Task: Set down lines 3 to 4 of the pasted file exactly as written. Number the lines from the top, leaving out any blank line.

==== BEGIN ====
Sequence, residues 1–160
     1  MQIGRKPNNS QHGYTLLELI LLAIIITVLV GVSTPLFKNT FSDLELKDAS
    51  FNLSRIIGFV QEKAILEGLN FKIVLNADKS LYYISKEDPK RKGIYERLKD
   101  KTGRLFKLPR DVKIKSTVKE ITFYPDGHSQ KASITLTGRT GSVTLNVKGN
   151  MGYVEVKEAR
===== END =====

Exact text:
    51  FNLSRIIGFV QEKAILEGLN FKIVLNADKS LYYISKEDPK RKGIYERLKD
   101  KTGRLFKLPR DVKIKSTVKE ITFYPDGHSQ KASITLTGRT GSVTLNVKGN